January 04, 2010

Amish to avoid health insurance purchase requirement?

The health plan which passed the Senate on Christmas Eve provides for substantial fines for individuals who do not purchase health insurance. 

This article examines how the Amish, who do not use insurance outside of some forms of church coverage, may negotiate an eventual purchase requirement. 

A religious exemption exists, and Donald Kraybill explains that a probable requirement for opting out will be “a long-standing historical exemption based on religious beliefs.”  Such a condition would likely be fulfilled by the 1965 exemption of the Amish from Social Security.

Numerous polls show the legislation under consideration as unpopular with the American public. 

Critics contend this is at least partially to do with the additional government control exerted on individuals, such as this proposed fine, which varies from $750 in the Senate plan, to 2.5% of an individual's income in the House plan (with some income-based exemptions).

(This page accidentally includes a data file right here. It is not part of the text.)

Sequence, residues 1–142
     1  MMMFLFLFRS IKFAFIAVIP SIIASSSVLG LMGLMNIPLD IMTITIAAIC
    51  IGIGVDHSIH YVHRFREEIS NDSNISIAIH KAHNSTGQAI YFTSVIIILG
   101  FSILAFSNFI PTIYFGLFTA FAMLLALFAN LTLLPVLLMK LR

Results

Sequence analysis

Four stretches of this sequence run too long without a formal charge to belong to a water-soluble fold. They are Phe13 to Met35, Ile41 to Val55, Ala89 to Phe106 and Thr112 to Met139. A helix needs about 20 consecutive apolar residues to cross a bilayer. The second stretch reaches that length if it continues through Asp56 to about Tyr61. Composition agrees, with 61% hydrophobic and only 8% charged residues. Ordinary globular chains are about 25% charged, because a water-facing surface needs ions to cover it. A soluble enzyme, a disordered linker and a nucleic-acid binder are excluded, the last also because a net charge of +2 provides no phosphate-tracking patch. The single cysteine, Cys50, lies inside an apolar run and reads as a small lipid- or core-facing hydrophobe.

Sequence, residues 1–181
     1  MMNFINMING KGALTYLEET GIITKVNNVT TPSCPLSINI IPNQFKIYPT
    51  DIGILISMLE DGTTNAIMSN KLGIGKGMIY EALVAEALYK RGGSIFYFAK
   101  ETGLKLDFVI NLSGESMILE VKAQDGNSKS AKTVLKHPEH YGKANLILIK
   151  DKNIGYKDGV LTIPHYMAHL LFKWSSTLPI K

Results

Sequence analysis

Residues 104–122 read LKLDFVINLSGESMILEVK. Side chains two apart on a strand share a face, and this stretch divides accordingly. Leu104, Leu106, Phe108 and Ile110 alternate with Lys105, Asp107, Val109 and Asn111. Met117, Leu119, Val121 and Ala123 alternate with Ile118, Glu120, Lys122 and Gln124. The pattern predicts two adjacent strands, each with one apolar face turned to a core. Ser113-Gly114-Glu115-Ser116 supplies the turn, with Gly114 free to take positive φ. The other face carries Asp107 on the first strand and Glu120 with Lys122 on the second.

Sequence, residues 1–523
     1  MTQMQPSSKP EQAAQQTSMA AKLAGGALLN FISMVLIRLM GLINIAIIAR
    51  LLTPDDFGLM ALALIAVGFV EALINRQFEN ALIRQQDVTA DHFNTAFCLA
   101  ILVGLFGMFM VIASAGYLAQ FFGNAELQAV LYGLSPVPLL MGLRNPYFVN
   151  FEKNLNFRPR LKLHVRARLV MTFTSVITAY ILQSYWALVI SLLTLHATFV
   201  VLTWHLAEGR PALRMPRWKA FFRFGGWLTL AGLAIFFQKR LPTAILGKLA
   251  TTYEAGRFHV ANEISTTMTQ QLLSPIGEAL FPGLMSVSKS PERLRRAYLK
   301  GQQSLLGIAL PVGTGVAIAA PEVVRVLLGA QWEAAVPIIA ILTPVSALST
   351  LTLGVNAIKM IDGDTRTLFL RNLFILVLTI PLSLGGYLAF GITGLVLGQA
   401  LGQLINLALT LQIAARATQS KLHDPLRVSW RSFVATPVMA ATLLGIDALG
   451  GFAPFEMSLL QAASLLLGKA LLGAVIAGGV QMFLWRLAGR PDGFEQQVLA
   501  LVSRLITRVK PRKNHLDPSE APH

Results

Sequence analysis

Amish have come under criticism in the past by those disagreeing with the religious basis for their exemptions from institutions such as the military or Social Security. 

If a bill with such a mandate becomes law, and assuming the Amish do work out an exemption, I imagine opponents of the bill will look on them and other religiously-exempt groups with envy, at the least.

January 02, 2010

New Wilmington Amish Christmas school program

New Wilmington Amish
A week back I wrote about how Amish celebrate Christmas, with a mention of the holiday program that takes place in many Amish schools. 

Rick shares a photo from a recent visit to the New Wilmington, PA Amish community, taken during the Christmas Eve program at a local one-room school. 

Low Amish Cancer Rates